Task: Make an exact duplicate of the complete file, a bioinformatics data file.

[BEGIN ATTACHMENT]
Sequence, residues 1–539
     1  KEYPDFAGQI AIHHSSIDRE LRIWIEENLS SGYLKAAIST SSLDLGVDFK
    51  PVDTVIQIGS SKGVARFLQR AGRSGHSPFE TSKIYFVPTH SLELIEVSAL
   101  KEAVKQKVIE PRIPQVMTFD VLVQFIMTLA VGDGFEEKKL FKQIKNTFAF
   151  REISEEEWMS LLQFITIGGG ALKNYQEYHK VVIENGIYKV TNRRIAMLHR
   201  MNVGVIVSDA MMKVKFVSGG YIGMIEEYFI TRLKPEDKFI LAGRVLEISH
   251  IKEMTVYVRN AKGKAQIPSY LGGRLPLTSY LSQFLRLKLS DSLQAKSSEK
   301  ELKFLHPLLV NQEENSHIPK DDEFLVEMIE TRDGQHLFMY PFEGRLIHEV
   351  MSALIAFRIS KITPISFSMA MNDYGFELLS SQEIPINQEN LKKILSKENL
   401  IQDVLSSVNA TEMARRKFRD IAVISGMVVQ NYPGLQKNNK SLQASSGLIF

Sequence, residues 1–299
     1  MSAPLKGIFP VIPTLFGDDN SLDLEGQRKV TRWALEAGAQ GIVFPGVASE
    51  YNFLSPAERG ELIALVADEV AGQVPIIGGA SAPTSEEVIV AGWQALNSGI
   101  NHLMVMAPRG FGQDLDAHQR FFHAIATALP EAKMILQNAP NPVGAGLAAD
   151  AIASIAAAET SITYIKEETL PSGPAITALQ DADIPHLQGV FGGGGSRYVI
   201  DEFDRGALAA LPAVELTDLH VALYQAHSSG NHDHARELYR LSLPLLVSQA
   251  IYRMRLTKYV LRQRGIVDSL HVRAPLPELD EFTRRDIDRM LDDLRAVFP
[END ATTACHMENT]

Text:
Sequence, residues 1–539
     1  KEYPDFAGQI AIHHSSIDRE LRIWIEENLS SGYLKAAIST SSLDLGVDFK
    51  PVDTVIQIGS SKGVARFLQR AGRSGHSPFE TSKIYFVPTH SLELIEVSAL
   101  KEAVKQKVIE PRIPQVMTFD VLVQFIMTLA VGDGFEEKKL FKQIKNTFAF
   151  REISEEEWMS LLQFITIGGG ALKNYQEYHK VVIENGIYKV TNRRIAMLHR
   201  MNVGVIVSDA MMKVKFVSGG YIGMIEEYFI TRLKPEDKFI LAGRVLEISH
   251  IKEMTVYVRN AKGKAQIPSY LGGRLPLTSY LSQFLRLKLS DSLQAKSSEK
   301  ELKFLHPLLV NQEENSHIPK DDEFLVEMIE TRDGQHLFMY PFEGRLIHEV
   351  MSALIAFRIS KITPISFSMA MNDYGFELLS SQEIPINQEN LKKILSKENL
   401  IQDVLSSVNA TEMARRKFRD IAVISGMVVQ NYPGLQKNNK SLQASSGLIF

Sequence, residues 1–299
     1  MSAPLKGIFP VIPTLFGDDN SLDLEGQRKV TRWALEAGAQ GIVFPGVASE
    51  YNFLSPAERG ELIALVADEV AGQVPIIGGA SAPTSEEVIV AGWQALNSGI
   101  NHLMVMAPRG FGQDLDAHQR FFHAIATALP EAKMILQNAP NPVGAGLAAD
   151  AIASIAAAET SITYIKEETL PSGPAITALQ DADIPHLQGV FGGGGSRYVI
   201  DEFDRGALAA LPAVELTDLH VALYQAHSSG NHDHARELYR LSLPLLVSQA
   251  IYRMRLTKYV LRQRGIVDSL HVRAPLPELD EFTRRDIDRM LDDLRAVFP